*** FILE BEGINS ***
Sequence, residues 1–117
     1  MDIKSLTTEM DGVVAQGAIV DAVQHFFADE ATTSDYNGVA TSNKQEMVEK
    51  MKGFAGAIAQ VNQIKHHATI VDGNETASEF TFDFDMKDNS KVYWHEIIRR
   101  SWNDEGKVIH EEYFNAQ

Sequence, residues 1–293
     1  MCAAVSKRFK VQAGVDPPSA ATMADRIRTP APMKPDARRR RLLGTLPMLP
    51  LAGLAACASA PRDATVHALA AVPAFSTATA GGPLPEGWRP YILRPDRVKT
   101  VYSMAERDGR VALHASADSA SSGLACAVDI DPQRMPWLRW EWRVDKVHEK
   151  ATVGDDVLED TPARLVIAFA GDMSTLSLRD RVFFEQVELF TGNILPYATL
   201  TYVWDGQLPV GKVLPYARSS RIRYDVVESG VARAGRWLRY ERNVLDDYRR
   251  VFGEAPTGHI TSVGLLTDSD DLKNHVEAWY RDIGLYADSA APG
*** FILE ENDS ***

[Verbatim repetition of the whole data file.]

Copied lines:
Sequence, residues 1–117
     1  MDIKSLTTEM DGVVAQGAIV DAVQHFFADE ATTSDYNGVA TSNKQEMVEK
    51  MKGFAGAIAQ VNQIKHHATI VDGNETASEF TFDFDMKDNS KVYWHEIIRR
   101  SWNDEGKVIH EEYFNAQ

Sequence, residues 1–293
     1  MCAAVSKRFK VQAGVDPPSA ATMADRIRTP APMKPDARRR RLLGTLPMLP
    51  LAGLAACASA PRDATVHALA AVPAFSTATA GGPLPEGWRP YILRPDRVKT
   101  VYSMAERDGR VALHASADSA SSGLACAVDI DPQRMPWLRW EWRVDKVHEK
   151  ATVGDDVLED TPARLVIAFA GDMSTLSLRD RVFFEQVELF TGNILPYATL
   201  TYVWDGQLPV GKVLPYARSS RIRYDVVESG VARAGRWLRY ERNVLDDYRR
   251  VFGEAPTGHI TSVGLLTDSD DLKNHVEAWY RDIGLYADSA APG